Should I Upgrade to Windows 11 Now?
Windows 11 has been out for almost a year, and Microsoft is in full swing to encourage users to upgrade. You’re most likely contemplating whether to push through with it.
We understand where you’re coming from. Upgrading your work computer's operating system (OS) is not as easy as upgrading the OS of your mobile phone. You must consider several factors, such as the new system requirements, app compatibility, updates in features, downtime, and many more.
At Intelligent Technical Solutions (ITS), we help businesses make smart decisions by providing valuable insights on IT changes, including OS upgrades. We help minimize the risks that businesses may experience during the process.
In this article, we’ll share the changes in Windows 11 and the things that may affect your decision whether to update now or later. The following are the topics to be tackled:
- What is Windows 11
- Windows 11 System Requirements
- Changes and Features
- Other Deciding Factors
Before diving into the changes, let’s look at what Windows 11 is.
What is Windows 11?
Released in October 2021, Windows 11 is Microsoft’s latest operating system for PCs, laptops, and Windows-compatible devices. It’s a free upgrade to anyone who owns the newest version of Windows 10 OS.
The new OS features exciting changes to the Windows shell, inspired by the canceled Windows 10X. Microsoft boasts its refreshed look and enhanced functions, which promise to help you focus better on activity and task management.
Windows 11 has one of the most significant changes in the history of Windows, such as revamped start menu and task bar, enhanced window view, and more. So far, the changes have garnered mixed feedback from many users.
Windows 11 System Requirements
Before upgrading to Windows 11, your hardware needs to have reasonable processing power to run the OS. This is why Microsoft set the following minimum specification standard for Windows 11:
- CPU: 1 gigahertz (GHz) or faster with two or more cores on a compatible 64-bit processor or system on a Chip (SoC)
- RAM: 4GB
- Storage: 64GB or larger
- System firmware: UEFI, Secure Boot capable
- TPM: Trusted Platform Module (TPM) version 2.0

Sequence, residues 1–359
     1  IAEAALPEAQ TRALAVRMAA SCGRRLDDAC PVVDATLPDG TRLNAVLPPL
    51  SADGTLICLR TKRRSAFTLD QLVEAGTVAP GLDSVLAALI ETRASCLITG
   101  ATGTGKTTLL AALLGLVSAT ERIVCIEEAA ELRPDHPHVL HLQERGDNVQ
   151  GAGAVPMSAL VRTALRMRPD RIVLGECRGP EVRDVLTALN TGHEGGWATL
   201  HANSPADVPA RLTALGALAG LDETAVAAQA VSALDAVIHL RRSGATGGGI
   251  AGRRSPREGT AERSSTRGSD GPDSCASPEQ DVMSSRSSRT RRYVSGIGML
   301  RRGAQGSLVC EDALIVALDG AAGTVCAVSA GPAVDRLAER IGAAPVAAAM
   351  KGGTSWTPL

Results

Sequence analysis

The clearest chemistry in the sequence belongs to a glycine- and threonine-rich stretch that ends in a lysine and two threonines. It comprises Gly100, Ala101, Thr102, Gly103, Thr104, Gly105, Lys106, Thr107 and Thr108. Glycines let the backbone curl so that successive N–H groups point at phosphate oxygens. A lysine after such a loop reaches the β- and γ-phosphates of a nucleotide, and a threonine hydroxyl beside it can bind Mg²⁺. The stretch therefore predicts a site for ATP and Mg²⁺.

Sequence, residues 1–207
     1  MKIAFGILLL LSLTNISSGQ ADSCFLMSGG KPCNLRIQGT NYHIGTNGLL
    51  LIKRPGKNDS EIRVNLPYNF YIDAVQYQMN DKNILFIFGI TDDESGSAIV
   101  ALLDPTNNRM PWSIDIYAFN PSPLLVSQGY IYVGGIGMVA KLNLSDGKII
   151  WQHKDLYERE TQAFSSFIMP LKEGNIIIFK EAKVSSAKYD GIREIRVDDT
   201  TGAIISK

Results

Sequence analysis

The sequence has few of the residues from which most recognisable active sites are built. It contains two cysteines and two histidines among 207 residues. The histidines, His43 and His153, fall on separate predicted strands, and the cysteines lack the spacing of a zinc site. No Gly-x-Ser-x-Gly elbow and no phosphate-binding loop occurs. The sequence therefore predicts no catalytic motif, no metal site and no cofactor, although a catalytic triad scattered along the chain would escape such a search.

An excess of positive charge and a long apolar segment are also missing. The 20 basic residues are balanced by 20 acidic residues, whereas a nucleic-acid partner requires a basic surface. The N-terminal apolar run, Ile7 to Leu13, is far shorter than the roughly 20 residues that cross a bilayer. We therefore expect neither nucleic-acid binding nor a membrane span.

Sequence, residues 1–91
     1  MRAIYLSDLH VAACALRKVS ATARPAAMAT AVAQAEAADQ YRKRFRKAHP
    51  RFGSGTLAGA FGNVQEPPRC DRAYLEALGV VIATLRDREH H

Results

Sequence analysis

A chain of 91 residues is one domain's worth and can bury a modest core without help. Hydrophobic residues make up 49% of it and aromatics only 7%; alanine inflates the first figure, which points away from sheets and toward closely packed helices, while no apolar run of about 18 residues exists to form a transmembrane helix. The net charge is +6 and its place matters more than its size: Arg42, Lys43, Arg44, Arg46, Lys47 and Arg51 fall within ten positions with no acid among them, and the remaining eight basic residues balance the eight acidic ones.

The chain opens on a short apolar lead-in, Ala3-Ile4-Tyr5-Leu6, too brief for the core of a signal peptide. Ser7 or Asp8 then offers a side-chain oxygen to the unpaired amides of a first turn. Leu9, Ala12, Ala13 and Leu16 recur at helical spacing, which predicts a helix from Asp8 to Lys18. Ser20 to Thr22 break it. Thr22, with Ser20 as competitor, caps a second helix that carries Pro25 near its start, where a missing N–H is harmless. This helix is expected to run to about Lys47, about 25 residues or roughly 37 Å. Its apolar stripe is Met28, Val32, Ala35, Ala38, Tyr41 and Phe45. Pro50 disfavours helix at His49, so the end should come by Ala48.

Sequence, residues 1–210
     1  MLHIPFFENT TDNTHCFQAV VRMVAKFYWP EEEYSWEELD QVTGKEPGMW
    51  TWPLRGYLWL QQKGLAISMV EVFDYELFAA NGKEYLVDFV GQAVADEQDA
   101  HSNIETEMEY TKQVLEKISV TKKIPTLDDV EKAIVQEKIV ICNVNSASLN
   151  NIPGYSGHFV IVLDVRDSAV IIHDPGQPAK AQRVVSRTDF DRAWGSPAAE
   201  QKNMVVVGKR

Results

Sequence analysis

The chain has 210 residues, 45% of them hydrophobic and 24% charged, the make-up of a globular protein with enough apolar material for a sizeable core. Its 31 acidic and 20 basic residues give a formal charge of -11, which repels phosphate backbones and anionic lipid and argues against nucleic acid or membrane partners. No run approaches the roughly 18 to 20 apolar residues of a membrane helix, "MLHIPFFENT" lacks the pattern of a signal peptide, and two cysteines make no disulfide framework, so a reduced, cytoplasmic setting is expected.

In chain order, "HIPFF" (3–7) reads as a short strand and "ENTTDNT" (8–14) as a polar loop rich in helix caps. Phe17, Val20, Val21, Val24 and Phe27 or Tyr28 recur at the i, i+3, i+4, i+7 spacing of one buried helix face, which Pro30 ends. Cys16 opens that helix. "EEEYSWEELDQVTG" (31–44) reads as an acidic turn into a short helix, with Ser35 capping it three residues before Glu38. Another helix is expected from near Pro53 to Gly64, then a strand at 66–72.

- Graphics card: Compatible with DirectX 12 or later with WDDM 2.0 driver
- Display: High definition (720p) display that is greater than 9" diagonally, 8 bits per color channel
- Internet: Windows 11 Home edition requires internet connectivity and a Microsoft account complete device setup on first use.
If your hardware doesn’t cut it, you’ll be stuck using Windows 10 until Microsoft discontinues support on the OS on October 14, 2025.
If you bought your device last 2020, then there’s a high probability that it can run the new OS. Most hardware released in the past two years falls within the minimum requirements for Windows 11.
If you’re unsure about the specs of your hardware, you may want to download and use the Windows PC Health Check app. This application will scan your device to see if it can run Windows 11. What’s great about this app is that it gives you a breakdown of each requirement. It will also tell you precisely what you need to upgrade in case your device isn’t compatible.
The app is handy for users who are not tech-savvy and can’t identify the difference between RAM and CPU. So, if you’re the type of person, we suggest downloading it.
Changes and Features
We know that most of you have been using Windows 10 for some time, and you may have grown reliant on several of its features. We also understand that you may be worried that Microsoft may have removed or altered them in Windows 11. Though it wouldn’t impair your capabilities, losing your favorite app may affect how you carry out your tasks.
The following are some of the changes Microsoft implemented to Windows 11 and the features you can look forward to.
What we love about the Windows taskbar is that it can be moved to different sides of the screen. Though the default location is awesome, there are times when we want to move it to other sections of the screen for a refreshed look. Sadly, Windows 11 removed this capability.
The new taskbar is now permanently located in one place - the bottom center. You read that right; the iconic Windows 11’s taskbar has been moved a few inches away from its home. We admit that it looks great. However, we can’t help but notice its similarity with Mac.
Though it’s not a wrong move, we feel that Microsoft wasn’t innovative in that department. Non-Mac users will have to get used to this new setup if they wish to upgrade to Windows 11.
Additionally, apps can no longer be pinned on the taskbar. This is bad news for users who want quick access to their favorite programs or applications.
Finally, the taskbar no longer houses the search bar; it is now located on the start menu.
Like the Task Bar, the Start Menu has also been moved to the center. But what we love about the new Start Menu is that it has a cleaner interface compared to Windows 10. Pinned apps and live tiles are gone and replaced with static icons in a grid.
Meanwhile, the app list is tucked away but remains easily accessible through the All Apps button. The app list was also expanded, with older programs like Windows Explorer and Notepad being included in the list.
On top of that, a new recommendation section was also added to the start menu. This new segment features recently used apps, files, and programs.